In the first post about punctuation and style we learned something about the use of commas in subject. Important issue when we have to do inverse translations (Spanish into English), reviews, academic texts, and so on.

Remember, on the basis that the normal word order in an independent clause is SUBJECT + PREDICATE, and talking specifically about the predicate:

  • Never put a single comma between a subject and its verb.
  • Use commas with verb modifiers displaced from their normal word order.

Take into account that, although noun modifiers have to stay near their head nouns, verb modifiers can wander about in the sentence. When they have a normal position do not require internal punctuation.

1.- Normal order for verb modifiers, NO PUNCTUATION needed:

SUBJECT            ADVERB            VERB      OBJECT

The judge          reluctantly           sentenced the thief.

SUBJECT     SPLIT VERB PHRASE (adverb following the first auwxliary verb)   OBJECT

The judge                                       had relunctantly sentenced                              the thief.

SUBJECT           VERB    OBJECT            ADVERB

The judge        sentenced  the thief          reluctantly.


The judge       sentenced the thief           in a quick speech.


The judge        cleared the court           to hear the objection.


The judge       sentenced the thief        because he was guilty.

Notice that you normally don’t put verb modifiers between a verb and its object.

On the second hand, verb modifers which don’t follow the normal word order have to be grouped separately from the rest of the sentence with commas.

2.- Displaced verb modifiers, PUNCTUATION needed:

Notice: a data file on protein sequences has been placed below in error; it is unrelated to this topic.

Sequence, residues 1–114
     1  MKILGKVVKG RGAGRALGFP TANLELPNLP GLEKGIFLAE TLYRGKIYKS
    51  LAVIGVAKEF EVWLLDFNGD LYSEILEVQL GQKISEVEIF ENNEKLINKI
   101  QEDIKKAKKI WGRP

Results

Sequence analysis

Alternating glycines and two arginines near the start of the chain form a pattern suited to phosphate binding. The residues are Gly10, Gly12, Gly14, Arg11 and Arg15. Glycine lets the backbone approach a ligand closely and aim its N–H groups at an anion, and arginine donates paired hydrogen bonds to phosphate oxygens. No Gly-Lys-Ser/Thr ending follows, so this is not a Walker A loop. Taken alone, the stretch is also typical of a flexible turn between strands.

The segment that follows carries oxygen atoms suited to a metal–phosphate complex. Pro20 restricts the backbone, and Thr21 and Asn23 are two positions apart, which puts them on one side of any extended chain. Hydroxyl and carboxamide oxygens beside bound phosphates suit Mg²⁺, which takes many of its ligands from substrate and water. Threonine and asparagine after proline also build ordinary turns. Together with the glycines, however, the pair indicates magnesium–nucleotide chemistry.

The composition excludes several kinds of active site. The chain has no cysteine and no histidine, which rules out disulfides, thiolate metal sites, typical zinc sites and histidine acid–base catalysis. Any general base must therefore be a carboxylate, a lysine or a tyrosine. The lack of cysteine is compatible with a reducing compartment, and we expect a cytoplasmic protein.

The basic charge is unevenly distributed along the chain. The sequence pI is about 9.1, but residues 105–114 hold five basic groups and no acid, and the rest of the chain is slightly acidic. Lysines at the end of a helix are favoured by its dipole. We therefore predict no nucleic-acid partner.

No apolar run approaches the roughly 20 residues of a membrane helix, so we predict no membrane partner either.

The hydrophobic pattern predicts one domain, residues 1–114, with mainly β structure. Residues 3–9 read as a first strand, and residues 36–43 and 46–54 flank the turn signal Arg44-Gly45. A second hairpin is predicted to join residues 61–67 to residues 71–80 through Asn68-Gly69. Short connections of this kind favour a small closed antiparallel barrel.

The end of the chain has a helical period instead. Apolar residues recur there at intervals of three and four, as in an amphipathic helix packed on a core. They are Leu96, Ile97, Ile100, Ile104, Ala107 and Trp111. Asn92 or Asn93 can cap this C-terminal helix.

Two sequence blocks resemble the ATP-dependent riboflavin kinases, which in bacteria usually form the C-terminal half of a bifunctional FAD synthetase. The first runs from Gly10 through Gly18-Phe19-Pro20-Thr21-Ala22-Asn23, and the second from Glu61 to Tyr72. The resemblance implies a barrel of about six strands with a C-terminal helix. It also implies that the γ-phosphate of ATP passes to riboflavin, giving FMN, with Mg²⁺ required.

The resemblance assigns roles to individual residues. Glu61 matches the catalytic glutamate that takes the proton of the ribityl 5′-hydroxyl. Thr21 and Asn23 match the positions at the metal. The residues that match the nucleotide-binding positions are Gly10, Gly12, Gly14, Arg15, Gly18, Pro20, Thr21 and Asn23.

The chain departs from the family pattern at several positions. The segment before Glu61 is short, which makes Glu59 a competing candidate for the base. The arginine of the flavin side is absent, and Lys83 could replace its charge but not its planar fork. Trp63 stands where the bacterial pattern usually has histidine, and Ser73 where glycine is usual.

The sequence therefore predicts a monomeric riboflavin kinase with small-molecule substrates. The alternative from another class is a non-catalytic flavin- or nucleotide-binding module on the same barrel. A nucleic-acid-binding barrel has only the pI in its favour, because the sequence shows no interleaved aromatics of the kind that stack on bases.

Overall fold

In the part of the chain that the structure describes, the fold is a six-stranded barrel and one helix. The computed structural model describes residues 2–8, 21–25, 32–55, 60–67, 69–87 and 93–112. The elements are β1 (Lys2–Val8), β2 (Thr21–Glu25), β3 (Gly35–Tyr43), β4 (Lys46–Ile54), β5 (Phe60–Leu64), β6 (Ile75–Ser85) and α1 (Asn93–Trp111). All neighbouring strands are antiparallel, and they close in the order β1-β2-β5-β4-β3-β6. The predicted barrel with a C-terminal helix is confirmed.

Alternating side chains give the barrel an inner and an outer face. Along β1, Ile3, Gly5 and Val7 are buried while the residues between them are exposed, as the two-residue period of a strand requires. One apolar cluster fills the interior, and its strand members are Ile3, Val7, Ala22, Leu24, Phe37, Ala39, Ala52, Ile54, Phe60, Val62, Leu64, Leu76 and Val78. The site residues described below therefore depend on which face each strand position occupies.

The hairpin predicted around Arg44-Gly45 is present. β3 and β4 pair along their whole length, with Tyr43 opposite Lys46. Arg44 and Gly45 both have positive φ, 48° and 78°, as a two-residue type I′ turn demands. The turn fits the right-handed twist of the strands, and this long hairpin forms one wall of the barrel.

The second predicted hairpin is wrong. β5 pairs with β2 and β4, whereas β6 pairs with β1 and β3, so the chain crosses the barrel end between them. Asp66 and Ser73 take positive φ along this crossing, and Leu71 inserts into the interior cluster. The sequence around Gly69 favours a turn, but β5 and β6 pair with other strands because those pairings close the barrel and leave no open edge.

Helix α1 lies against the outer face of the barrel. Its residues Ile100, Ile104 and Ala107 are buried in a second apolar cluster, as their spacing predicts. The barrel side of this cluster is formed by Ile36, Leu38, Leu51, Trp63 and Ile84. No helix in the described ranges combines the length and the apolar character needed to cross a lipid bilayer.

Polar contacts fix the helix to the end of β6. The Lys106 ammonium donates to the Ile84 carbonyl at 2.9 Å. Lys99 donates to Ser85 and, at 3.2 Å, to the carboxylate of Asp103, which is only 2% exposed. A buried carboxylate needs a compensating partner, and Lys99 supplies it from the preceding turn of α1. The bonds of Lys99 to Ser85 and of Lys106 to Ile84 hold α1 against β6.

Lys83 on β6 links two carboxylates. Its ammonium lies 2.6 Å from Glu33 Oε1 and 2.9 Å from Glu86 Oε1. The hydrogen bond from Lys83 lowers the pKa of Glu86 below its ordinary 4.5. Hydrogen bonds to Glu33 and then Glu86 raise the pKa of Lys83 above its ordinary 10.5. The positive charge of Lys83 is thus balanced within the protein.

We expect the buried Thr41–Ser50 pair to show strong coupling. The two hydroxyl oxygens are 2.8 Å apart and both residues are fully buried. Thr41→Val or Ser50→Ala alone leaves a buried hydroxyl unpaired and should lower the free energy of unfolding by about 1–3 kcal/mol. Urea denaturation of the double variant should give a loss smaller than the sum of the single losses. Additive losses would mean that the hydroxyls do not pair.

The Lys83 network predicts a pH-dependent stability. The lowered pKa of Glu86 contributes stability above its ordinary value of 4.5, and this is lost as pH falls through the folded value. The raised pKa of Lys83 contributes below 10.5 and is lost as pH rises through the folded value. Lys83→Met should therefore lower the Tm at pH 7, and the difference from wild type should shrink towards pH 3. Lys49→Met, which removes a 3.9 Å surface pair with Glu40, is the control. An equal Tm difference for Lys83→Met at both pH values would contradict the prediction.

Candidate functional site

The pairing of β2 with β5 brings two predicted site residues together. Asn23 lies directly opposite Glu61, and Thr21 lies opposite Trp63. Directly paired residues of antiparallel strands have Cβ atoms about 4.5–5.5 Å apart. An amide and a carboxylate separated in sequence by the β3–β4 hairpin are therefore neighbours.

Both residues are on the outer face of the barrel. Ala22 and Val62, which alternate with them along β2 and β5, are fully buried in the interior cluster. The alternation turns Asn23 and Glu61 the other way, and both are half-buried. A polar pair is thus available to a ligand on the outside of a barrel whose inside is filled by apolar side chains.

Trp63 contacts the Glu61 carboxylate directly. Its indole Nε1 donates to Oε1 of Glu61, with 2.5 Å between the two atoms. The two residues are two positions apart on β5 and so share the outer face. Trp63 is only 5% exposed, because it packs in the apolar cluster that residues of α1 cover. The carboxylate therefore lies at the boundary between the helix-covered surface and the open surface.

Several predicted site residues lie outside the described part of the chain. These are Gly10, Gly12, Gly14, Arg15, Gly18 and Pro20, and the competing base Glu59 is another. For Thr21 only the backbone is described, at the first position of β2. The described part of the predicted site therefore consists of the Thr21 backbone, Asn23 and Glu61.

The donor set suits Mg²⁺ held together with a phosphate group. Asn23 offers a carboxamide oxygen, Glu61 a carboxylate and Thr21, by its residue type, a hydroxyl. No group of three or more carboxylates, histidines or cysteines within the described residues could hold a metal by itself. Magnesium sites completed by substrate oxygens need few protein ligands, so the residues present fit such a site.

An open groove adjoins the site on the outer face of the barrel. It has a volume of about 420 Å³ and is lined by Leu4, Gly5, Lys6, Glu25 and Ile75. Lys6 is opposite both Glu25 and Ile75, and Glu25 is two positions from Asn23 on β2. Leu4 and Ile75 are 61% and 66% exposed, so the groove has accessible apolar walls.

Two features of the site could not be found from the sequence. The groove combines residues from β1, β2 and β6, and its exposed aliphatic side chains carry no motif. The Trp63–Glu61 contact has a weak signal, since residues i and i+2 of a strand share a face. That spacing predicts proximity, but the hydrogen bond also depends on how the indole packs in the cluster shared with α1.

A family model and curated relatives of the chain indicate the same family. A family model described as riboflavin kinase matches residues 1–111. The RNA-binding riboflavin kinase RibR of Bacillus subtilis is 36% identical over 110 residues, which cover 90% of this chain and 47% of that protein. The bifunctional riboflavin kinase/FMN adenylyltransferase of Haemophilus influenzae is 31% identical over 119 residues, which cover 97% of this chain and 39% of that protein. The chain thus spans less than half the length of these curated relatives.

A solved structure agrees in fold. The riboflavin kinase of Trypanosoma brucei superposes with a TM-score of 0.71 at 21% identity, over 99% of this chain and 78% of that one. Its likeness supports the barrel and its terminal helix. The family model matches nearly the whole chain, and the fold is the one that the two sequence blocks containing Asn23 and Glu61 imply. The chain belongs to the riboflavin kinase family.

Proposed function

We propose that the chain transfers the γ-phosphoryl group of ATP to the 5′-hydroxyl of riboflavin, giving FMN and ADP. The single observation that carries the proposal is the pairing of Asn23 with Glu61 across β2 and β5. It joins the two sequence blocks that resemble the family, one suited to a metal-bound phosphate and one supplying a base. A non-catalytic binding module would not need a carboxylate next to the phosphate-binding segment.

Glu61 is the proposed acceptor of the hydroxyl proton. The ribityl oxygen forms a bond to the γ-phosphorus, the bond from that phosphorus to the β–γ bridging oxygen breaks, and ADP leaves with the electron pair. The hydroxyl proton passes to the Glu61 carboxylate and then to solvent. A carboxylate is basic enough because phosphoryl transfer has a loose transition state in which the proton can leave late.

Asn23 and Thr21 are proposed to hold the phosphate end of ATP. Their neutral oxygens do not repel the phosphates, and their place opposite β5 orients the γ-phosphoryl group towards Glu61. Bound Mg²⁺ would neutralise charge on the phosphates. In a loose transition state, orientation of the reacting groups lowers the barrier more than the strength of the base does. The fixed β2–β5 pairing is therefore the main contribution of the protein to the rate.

ADVERB,        SUBJECT      VERB          OBJECT

Reluctantly,    the judge sentenced        the thief.


In a quick speech,                        the judge sentenced        the thief.


The judge           ,in a quick speech,                setenced the thief.


To hear the objection,      the judge         cleared the court.


The judge        ,to hear the objection,         cleared the court.


Because he was guilty,     the judge     sentenced        the thief.


The judge     ,because he was guilty,     sentenced        the thief.

The last two sentences are ambiguous: they both suggest that the judge is the person who was guilty. This situation occurs in many example sentences, and this is a problem in pronoun reference which can be easily corrected by reordering the pronoun and the noun:

Because the thief was guilty, the judge sentenced him.

The judge, because the thief was guilty, sentenced him.

But another problem can appear, like in the second sentence above: it is better not to separate the subject from its verb with a lengthy adverbial (example in bold), your readers may forget what the subject is when they reach the verb. It is not a grammar rule, in fact it is a grammatically correct sentence, it is a matter of common sense; always make things as easy as possible for your readers.

In a next post I’ll write about other internal punctuation in clauses.

For further information check A Writer’s Guide, Easy ground rules for successful written English, by Jane Walpole. Prentice-Hall, Inc. Englewood Cliffs, New Jersey 07632.